The Emmy Arms Race
It's not enough to be well dressed on the red carpet -- actresses have to get the perfect arm to go with that sleeveless gown.
Actresses can conceal their bellies and thighs under well-fitting gowns, not to mention Spanx. But arms that are pale, skinny or, God forbid, loose, have nowhere to hide, especially since Hollywood equates sexy with no sleeves these days. Now more than ever, the skin with the most red-carpet exposure is around the shoulders, upper arms, the underarm area, even "bra fat" -- all on display under glaring HDTV.
The Angela Bassett muscly-arm model doesn't look right in evening gowns. Thankfully, that moment has passed -- as have stick-thin limbs a la Lindsay Lohan. Yet stringy Madonna-like yoga arms don't look right, either, since Michelle Obama's ripples are burned into our consciousness. Yes, there are actually trends in arms. Happily, it's now somewhere in the middle: Ladies with sculpted-but-feminine shape like Julianna Margulies, Tina Fey and Mariska Hargitay are examples of healthy arm candy.
To get the look, even those who have been shooting night and day can pull it together fast. Trainers insist even two weeks of work make a difference. First, forget about the myth that weights bulk up arms. "Weights make your arms firmer and leaner as long as you watch your diet," says celebrity trainer Ashley Borden. "Two weeks before a red carpet, use a heavier free weight. Triceps on the bottom of arms collect the most body fat, so for every push-up exercise, do two pulldowns." But for women genetically predisposed to putting on muscle, trainer David Kirsch prefers workout bands. "I would have most clients elongate rather than bulk up."
Trainer Ramona Braganza also likes shoulder accentuation. "Square shoulders are sexy and athletic at the same time," she says. "I worked with Anne Hathaway a few years back, weeks before the Oscars. We did super sets, one exercise after another on the same muscle." And designers will tell you that good shoulders help a dress hang well and can make the waist and hips seem slimmer. Adds Borden: "Most people have 'forward pull' from leaning shoulders forward, which causes bra fat near your boobs. Working your shoulders helps."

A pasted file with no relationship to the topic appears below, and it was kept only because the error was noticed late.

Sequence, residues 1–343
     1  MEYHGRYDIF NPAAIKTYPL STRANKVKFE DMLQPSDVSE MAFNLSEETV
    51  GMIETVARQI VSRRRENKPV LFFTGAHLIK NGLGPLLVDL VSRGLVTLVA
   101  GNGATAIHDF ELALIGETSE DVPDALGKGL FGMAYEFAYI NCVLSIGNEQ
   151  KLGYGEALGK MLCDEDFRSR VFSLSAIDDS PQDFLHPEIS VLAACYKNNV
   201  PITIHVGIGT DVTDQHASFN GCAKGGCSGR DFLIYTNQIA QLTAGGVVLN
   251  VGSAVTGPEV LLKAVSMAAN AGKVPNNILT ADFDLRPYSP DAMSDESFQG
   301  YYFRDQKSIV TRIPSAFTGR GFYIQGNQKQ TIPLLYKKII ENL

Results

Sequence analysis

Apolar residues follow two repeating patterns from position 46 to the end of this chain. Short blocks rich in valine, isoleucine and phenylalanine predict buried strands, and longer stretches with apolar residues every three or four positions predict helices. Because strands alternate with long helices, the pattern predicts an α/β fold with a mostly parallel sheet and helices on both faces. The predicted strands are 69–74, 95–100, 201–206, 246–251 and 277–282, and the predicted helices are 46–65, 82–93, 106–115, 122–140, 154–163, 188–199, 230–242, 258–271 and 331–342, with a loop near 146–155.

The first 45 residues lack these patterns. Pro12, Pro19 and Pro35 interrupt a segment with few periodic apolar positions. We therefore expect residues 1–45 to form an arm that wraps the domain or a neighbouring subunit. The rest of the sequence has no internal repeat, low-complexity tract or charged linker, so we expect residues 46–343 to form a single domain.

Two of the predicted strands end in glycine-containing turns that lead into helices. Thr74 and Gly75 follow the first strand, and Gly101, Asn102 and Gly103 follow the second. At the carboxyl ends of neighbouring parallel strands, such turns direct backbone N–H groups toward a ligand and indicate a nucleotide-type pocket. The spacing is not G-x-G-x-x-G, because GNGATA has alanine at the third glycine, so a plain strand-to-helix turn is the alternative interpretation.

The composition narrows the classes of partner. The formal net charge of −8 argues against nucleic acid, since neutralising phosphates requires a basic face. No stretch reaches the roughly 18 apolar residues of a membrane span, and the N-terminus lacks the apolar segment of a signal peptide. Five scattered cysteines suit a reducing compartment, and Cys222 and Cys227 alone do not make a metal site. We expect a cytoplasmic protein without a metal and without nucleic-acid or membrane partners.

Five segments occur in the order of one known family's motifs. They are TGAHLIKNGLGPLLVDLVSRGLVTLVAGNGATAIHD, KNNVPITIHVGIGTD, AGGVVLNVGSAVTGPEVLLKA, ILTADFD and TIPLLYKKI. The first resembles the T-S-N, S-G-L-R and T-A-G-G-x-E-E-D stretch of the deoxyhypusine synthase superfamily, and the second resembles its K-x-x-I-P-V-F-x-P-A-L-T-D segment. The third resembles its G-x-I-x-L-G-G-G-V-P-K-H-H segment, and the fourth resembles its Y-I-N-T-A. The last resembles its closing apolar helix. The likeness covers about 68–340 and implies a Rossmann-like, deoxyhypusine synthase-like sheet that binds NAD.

It's hard to believe diet affects arm appearance, but it does. "Kill the Diet Coke and alcohol two weeks before," Borden warns. "Sodium bloats your arms."
If there's no time for workouts, there are other things to resort to, like lasers. "The Titan laser will decrease arm circumference in two treatments," says Beverly Hills dermatologist Peter Kopelson. "You can do it day-of for immediate tightening. Women should also be using lotion with glycolic acid to improve elasticity and texture." To render a supernova glow to arms, dermatologist David Colbert performs full-body treatments featuring microdermabrasion, milk acid, glucosamine and laser pulse.
With a little more notice, to combat loose skin, Beverly Hills plastic surgeon Randal Haworth is in favor of a brachioplasty, an arm lift. "With a small incision in the armpit, you can take in the skin all the way to the elbow," he says. Another option is spot liposuction. "Aggressive exercise will help, but not in two weeks. Lipo will do it in two hours," adds Haworth.
There's a faster, less-expensive remedy: sleeves. Stylist Simone Harouche loves gowns with sleeves. "When done right," she says, "it can be chic, modern. Nicole Richie wore a gown with kimono sleeves to the 2010 Oscars."
"Actresses think only strapless is sexy," says designer Nicole Miller. "An off-the-shoulder style works really well. It's true; it's hard to make a long-sleeved gown sexy. But if you have dramatic sleeves, it's extremely stylish. After all, the bigger the sleeve, the smaller the arm."